Teaching English Abroad: Top 10 Tips For Surviving Inside and Outside of the Classroom

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Author: Chris S. Published on: March 21, 2019 Expected Reading Time: 7 mins


So, you're finally taking the plunge. You've got your TEFL certificate, you've got your bags packed, and you've got your plane ticket. Now all that's left to do is to jet off into your new career teaching English abroad.

It's no surprise that you're feeling pretty excited about this big, new adventure. After all, this is your chance to travel, to explore whole new countries and meet a whole new group of fascinating people, all while getting paid.

Talk about living the dream, right?

Still, let's face it:

As exciting as it can be, teaching English abroad can also be fairly daunting if you're doing it for the first time, or even if you've been at it for a while but find that things aren't quite going the way you'd planned.

Feeling a little trepidation about your first TEFL gig? Stuck in a foreign country where teaching English doesn't seem to be all that you hoped it would be?

Don't worry, that's why we're here.

Today, we've tasked our top TEFL experts with putting together the following ten tips designed to help you thrive and survive both inside and outside of the classroom.


1) Pay close attention to the Ts & Cs

We're all used to skipping over the terms and conditions when we get a new iPhone or sign up to Netflix, but when it comes to your teaching contract, it pays to take this stuff seriously.

Before you do anything else, read and re-read your contract so that you know exactly what you should expect.

For example, many TEFL jobs will provide teachers' accommodation or at least some level of housing stipend, but this is by no means a given. The last thing you want is to assume that your new school will have somewhere for you to say only to arrive in a strange country and find yourself homeless.

Your safest bet is to assume that if it isn't in the contract, it isn't included, meaning you may have to contact the school and ask about specifics such as housing and paying for flights.

It also pays to look for any terms and conditions relating to early contract endings. Sure, you may be certain now that you'll see this through to the end, but unexpected things do happen, and if you have no choice but to leave a job early, you don't want the nasty surprise of finding that your contract demands you pay back 70% of your earnings.


2) Brush up on cultures and customs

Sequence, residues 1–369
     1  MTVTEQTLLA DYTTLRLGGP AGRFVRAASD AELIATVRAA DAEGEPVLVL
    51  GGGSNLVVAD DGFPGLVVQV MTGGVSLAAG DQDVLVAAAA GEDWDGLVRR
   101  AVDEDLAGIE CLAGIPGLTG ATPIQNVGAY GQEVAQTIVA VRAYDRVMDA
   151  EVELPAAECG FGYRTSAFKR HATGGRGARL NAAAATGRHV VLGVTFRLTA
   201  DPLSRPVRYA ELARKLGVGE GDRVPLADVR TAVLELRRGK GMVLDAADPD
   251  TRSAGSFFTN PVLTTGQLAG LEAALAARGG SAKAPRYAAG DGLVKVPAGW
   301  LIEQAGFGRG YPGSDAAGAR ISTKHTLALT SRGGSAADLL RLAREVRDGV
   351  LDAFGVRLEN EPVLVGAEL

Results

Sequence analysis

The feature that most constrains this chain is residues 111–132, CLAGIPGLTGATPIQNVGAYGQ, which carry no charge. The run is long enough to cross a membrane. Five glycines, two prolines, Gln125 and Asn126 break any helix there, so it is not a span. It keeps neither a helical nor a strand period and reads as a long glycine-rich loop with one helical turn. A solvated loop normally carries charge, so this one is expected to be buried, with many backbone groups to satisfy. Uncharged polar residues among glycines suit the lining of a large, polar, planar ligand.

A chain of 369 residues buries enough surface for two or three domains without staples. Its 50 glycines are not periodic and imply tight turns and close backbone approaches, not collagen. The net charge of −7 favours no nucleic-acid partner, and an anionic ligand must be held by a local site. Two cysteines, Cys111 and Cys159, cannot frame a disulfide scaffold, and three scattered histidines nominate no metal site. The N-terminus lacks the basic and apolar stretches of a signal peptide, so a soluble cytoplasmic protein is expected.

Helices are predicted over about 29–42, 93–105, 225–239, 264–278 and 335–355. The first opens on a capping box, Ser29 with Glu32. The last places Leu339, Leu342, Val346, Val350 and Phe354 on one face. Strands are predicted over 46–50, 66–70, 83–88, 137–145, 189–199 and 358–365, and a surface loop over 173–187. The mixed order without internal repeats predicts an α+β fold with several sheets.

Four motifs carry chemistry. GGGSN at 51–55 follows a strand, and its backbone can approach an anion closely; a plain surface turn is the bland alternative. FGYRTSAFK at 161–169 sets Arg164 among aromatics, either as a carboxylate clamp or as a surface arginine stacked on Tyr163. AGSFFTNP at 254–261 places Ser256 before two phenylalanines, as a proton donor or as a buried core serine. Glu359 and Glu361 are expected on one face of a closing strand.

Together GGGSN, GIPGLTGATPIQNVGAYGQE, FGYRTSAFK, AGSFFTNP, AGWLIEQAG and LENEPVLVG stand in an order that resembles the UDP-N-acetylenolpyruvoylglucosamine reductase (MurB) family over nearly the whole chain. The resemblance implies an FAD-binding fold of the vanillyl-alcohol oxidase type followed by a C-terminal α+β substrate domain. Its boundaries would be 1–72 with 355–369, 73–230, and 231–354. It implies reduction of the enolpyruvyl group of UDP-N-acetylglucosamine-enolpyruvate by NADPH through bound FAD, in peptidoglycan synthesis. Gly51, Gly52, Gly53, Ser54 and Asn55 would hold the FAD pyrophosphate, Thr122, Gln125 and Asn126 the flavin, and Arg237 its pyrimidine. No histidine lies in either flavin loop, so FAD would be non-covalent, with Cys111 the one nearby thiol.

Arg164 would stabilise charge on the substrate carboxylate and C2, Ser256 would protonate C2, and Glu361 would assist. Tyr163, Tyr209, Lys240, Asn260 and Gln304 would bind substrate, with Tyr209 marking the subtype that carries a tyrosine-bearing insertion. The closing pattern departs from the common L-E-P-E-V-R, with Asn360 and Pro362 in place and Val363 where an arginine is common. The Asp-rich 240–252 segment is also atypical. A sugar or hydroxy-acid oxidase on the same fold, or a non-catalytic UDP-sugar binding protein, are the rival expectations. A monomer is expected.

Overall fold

You're a kind, compassionate and sensitive person who would never dream of deliberately offending anybody. Yet as program providers Adventure Teaching point out, what may not be a big deal in your home country could be highly offensive in other countries, particularly those with highly religious sensibilities.

Before you head off, read up on any customs, traditions and cultural norms in the country you're traveling to. That way, you'll not only keep yourself out of trouble, but you'll also find that you have an easier time integrating into your new home town.


3) Be prepared for different ways of working

It isn't just the differences in society as a whole that you'll need to be aware of.

In an article for overseas program directory Go Overseas, teacher Richelle Gamlam recalls how teaching in China meant getting used to frequently-changing schedules, impromptu events, and unplanned lessons, none of which she was given any notice for.

So, while you might be used to navigating your school system back home, be prepared for things to be very different abroad. According to Richelle and other TEFL teachers, the best approach is to simply go with the flow and expect the unexpected.


4) Keep yourself healthy

Speaking of the unexpected, we don't always know when we're about to get sick or suffer an injury, but we can certainly do all we can to prevent such things from happening.

Make sure you eat healthy foods, particularly choosing dishes you're familiar with, and be sure to take some form of exercise, even if it's only taking a walk a few times a week.

Sure, this is pretty good advice at the best of times, but when you're in a foreign country you may find it tough getting the help you need, especially if you only have a minimal grasp of the language.

Getting set up to see a medical professional and particularly understanding what a medical professional is saying if they're not used to working with non-natives can be tough and only prolong your suffering.

On a related note, be sure to only take medication if you're absolutely 100% certain you know exactly what it is.